FERGUSON Marine could lose a 'world-first' hoverbarge contract because the vessel is now over six months late with no completion date in sight.

The Port Glasgow shipyard was supposed to deliver the innovative self-propelled, air-cushioned barge for client CMI Offshore by July or August 2019 but it is still not finished.

The Telegraph has learned that there has been no work on the vessel since last year and that the hull may now have to be scrapped.

Bosses from CMI Offshore, which opened an office in Scarlow House in the Port town centre last May, confirmed the delay and added that they are now considering their options.

The loss of the work would be another blow to the yard following months of turmoil since the business went into administration in August as a direct result of a delayed and over-budget £97 million contract to build two CalMac ferries.

The Scottish Government, which nationalised Ferguson's in December to safeguard shipbuilding on the Lower Clyde and save around 300 jobs, insists the hoverbarge order has not been pulled and discussions with the client are ongoing.

But a source told the Tele: "CMI Offshore are on the verge of cancelling the order meaning the yard has another possible failure on its hands. "There's been no work on the vessel this year and the yard has no workers on it at all at the moment. The job is at a standstill. "Rumour has it that CMI will start building a new vessel overseas and just allow this one to be scrapped and Ferguson's will be left with the hull lying on the slipway as they don't know when they can finish it."

The hoverbarge contract was signed between Mangistau ACV Solutions - an offshoot of CMI Offshore Group - with the previous owners of the yard, Ferguson Marine Engineering Limited (FMEL).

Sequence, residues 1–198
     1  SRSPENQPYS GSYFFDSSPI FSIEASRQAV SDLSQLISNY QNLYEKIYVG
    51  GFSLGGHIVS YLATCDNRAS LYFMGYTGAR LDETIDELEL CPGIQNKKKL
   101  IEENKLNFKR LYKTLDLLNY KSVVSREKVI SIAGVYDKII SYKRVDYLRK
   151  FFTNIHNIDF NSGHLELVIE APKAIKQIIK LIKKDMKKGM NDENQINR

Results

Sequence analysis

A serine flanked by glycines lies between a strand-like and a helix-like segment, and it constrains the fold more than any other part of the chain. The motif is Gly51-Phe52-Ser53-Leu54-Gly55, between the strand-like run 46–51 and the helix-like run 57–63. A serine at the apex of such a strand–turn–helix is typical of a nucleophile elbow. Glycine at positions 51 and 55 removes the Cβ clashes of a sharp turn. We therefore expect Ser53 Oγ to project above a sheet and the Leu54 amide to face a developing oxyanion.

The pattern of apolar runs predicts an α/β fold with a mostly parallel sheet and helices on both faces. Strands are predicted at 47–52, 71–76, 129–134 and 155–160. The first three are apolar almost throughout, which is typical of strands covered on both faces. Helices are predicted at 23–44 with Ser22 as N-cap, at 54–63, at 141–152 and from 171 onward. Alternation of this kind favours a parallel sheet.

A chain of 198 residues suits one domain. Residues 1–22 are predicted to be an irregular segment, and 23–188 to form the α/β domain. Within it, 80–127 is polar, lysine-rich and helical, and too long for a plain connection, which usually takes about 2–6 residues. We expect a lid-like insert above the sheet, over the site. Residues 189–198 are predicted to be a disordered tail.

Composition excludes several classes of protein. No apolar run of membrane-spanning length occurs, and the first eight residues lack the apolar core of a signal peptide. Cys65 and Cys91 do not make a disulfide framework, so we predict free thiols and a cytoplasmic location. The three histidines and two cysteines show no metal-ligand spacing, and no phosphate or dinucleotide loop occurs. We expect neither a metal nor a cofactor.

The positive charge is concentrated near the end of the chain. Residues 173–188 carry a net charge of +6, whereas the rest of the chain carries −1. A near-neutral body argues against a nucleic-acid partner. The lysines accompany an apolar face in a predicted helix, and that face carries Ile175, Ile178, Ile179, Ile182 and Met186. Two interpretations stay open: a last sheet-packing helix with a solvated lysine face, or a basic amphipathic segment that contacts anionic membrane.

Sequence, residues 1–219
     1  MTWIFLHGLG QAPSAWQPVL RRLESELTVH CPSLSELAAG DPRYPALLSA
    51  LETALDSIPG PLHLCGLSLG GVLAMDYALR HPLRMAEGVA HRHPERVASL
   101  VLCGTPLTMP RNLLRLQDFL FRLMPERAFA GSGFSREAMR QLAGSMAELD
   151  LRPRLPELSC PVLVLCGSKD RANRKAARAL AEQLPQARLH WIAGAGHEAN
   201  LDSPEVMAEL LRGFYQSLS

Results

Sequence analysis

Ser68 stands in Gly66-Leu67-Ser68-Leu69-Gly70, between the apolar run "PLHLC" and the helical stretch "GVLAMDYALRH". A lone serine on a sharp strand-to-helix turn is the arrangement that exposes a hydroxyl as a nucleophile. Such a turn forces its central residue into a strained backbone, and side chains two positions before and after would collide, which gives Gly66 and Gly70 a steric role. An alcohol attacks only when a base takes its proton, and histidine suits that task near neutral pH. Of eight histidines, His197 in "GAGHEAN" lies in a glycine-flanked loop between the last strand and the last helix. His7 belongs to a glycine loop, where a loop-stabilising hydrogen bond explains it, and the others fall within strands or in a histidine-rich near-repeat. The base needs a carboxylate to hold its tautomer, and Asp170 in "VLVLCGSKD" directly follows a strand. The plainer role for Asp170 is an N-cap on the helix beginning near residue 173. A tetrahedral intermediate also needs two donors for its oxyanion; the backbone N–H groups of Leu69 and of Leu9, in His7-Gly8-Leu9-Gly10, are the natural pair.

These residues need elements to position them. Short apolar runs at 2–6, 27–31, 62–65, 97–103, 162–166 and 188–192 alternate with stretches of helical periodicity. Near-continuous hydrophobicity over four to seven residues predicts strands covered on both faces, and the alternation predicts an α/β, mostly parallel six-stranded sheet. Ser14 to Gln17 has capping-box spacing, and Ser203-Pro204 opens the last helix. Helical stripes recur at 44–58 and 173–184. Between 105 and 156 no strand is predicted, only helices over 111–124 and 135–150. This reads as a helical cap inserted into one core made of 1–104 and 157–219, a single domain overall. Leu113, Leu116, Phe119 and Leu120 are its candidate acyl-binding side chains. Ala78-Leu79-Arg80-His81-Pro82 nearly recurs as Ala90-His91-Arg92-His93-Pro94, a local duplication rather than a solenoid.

The business has since been renamed Ferguson Marine (Port Glasgow) Ltd following the government takeover.

Richard Keisner, chief executive of CMI Offshore Group, said: "At the present time the original contract signed with FMEL remains in place.

"The vessel is late and a number of options are currently being evaluated."

The order was supposed to be for the 'world's first self-propelled, air-cushioned barge' capable of carrying a load of 150 tonnes 'over tundra, swamps, ice and water'.

Work started in October 2018 shortly after the deal was signed.

Scottish Government officials say it is 'incorrect' to suggest the order has been cancelled.

A spokesperson said: "The contract for vessel 803 remains with Ferguson Marine Engineering Limited, which is currently in administration, while discussions between the client and the new, publicly-owned, Ferguson Marine business take place.

"These discussions, to find an acceptable resolution to both technical and commercial concerns, are ongoing and the yard remains hopeful of a positive conclusion and the delivery of the vessel by Ferguson Marine."